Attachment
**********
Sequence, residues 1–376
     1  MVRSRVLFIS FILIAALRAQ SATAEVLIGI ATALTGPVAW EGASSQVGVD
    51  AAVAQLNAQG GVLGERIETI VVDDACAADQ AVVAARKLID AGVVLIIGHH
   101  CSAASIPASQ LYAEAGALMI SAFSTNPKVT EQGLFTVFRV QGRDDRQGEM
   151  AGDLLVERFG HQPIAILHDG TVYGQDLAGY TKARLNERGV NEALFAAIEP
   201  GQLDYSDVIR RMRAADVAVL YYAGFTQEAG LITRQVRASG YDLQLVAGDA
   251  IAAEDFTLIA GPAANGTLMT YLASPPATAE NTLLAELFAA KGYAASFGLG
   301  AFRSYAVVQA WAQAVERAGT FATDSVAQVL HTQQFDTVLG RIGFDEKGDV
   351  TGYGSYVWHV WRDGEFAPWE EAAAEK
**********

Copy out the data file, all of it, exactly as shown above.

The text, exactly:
Sequence, residues 1–376
     1  MVRSRVLFIS FILIAALRAQ SATAEVLIGI ATALTGPVAW EGASSQVGVD
    51  AAVAQLNAQG GVLGERIETI VVDDACAADQ AVVAARKLID AGVVLIIGHH
   101  CSAASIPASQ LYAEAGALMI SAFSTNPKVT EQGLFTVFRV QGRDDRQGEM
   151  AGDLLVERFG HQPIAILHDG TVYGQDLAGY TKARLNERGV NEALFAAIEP
   201  GQLDYSDVIR RMRAADVAVL YYAGFTQEAG LITRQVRASG YDLQLVAGDA
   251  IAAEDFTLIA GPAANGTLMT YLASPPATAE NTLLAELFAA KGYAASFGLG
   301  AFRSYAVVQA WAQAVERAGT FATDSVAQVL HTQQFDTVLG RIGFDEKGDV
   351  TGYGSYVWHV WRDGEFAPWE EAAAEK